In hitherto unexplored regulatory options for the TPR, Krishna Oli et al have envisioned the future in view of rapid changes in the environment that also affects the adjacent river basins and landscapes. It has mooted the idea of regional cooperation framework that provides an institutional justification and governance set up to harmonize actions of 12 countries sharing the TPR.

Eleanor Sharpston has invoked a lawyers’ perspective and an analogy of standing to sue on behalf of trees and other natural resources that is and sometimes invoked even for the inanimate objects. She has suggested for potential inclusion of ‘ecocide’ in the 1998 Rome Statute in the toolkit of litigation in trying to protect the environment.

An examination of the challenge of plastic pollution and its accumulation in the world ocean by Surya Subedi et al raise a contemporary planetary concern that has set the stage for negotiations on a global treaty on plastics pollution (UNEA-5 resolution of 02 March 2022). It calls for cooperative approach between member and non-member states to tackle plastic pollution of the marine environment. In the same vein, Oliver Ruppel et al have sought to focus on link Stockholm+50 and Bretton Woods+80, the two processes that were kick-started with the two respective historic events. They have so far not corresponded with each other despite their congruent global significance and potential complementarity.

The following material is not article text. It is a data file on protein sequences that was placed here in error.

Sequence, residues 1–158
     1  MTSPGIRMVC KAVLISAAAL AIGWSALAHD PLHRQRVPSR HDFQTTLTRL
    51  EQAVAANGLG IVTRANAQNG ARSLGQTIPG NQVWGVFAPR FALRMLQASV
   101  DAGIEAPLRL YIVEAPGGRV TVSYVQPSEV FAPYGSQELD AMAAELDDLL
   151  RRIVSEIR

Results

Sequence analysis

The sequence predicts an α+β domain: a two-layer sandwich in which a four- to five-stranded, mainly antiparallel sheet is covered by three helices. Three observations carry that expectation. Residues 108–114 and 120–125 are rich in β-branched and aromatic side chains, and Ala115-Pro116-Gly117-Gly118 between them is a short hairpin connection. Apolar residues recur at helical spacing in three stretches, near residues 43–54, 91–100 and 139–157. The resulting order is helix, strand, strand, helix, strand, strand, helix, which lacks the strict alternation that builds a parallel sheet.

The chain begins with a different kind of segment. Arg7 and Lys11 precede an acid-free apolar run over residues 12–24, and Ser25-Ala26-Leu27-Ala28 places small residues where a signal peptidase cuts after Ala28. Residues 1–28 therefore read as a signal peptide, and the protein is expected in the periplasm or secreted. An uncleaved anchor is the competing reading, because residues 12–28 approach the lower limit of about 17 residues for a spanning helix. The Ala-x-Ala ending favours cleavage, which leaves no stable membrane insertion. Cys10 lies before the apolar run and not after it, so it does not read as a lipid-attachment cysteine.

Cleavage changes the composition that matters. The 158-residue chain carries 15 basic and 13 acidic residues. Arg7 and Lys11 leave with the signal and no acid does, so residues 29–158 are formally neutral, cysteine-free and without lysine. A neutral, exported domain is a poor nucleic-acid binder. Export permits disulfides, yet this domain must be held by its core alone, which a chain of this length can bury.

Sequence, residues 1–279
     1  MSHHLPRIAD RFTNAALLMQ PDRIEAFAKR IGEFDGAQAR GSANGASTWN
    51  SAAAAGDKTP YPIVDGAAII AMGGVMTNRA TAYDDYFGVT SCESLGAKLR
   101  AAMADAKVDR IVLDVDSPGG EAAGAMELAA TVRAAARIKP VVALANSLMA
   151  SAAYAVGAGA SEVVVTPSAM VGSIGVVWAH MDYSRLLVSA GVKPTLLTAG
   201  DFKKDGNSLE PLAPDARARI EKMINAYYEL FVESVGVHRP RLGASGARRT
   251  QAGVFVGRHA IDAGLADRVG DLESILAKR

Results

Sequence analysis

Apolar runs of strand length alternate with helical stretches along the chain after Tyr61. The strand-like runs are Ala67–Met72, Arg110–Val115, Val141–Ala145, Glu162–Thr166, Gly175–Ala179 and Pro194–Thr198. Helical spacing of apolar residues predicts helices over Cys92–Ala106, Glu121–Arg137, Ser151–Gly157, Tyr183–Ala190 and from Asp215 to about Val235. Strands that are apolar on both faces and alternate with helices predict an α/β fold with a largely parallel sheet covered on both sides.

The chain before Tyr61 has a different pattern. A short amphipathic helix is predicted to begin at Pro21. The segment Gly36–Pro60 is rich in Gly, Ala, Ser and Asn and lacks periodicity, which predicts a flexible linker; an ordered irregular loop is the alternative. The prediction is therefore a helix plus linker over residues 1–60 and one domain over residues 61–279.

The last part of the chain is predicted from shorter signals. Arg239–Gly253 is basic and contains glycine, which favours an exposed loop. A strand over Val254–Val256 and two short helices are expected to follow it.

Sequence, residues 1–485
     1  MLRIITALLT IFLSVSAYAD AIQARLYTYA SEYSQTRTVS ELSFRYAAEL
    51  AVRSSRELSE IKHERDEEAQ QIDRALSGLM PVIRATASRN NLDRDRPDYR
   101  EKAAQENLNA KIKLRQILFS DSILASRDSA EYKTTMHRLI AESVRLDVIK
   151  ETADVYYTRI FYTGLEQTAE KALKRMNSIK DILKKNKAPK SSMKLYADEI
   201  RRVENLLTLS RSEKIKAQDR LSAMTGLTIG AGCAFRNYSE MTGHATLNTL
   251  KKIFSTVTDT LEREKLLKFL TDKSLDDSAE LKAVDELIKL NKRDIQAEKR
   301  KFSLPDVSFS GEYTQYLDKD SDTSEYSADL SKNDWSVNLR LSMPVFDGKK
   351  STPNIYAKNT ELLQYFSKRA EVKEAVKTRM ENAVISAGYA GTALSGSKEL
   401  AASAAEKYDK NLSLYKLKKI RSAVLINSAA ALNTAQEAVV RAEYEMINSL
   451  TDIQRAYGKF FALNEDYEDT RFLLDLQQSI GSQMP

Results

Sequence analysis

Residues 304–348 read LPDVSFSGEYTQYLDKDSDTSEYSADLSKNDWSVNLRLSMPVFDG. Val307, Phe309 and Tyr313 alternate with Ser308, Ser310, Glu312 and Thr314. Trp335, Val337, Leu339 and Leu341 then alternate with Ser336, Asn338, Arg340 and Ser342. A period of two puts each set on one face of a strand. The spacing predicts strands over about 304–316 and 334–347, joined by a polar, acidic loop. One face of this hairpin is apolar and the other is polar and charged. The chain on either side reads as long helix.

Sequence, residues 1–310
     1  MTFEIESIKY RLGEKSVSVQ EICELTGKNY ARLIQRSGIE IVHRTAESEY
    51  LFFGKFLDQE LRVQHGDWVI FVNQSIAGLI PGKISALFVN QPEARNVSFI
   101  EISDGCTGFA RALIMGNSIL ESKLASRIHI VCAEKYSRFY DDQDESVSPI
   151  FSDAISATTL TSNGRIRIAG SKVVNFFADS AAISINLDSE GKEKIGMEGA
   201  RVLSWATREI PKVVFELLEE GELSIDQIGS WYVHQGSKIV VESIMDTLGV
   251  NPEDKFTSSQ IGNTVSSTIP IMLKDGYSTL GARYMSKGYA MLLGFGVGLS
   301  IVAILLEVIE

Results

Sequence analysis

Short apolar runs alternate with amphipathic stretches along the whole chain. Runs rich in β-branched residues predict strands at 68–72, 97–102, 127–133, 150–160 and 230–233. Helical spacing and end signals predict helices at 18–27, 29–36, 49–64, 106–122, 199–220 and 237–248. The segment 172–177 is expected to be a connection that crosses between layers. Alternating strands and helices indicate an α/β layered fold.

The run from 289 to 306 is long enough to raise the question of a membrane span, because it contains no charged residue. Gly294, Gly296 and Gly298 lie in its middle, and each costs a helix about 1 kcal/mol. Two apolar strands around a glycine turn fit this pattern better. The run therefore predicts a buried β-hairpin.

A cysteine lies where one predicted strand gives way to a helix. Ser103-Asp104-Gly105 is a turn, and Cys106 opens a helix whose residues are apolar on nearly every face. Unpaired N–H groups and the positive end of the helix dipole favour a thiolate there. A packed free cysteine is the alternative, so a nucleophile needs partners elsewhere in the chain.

Finally, Greg Rose has raised the age-old issue of scorched earth pursued by different parties that would now fall under the rubric of environmental terrorism. He has expressed concern about the lack of an international legal framework to suppress it and envisions for a new global convention to address it.

Need to Go Beyond Legalese

With this issue, EPL has published eleven seminal ideational contributions that seek to envision our environmental future. In conjunction with the final batch of contributions in 52.3. 2022, EPL has audaciously sought to explore solutions and answers to some aspects of the environmental problematique that bedevils out troubled world. It is a modest effort in the scholarly realm at this juncture of Stockholm+50. We shall have to go beyond mere legalese to find concrete ideas for a better future for our existence.

-Bharat H. Desai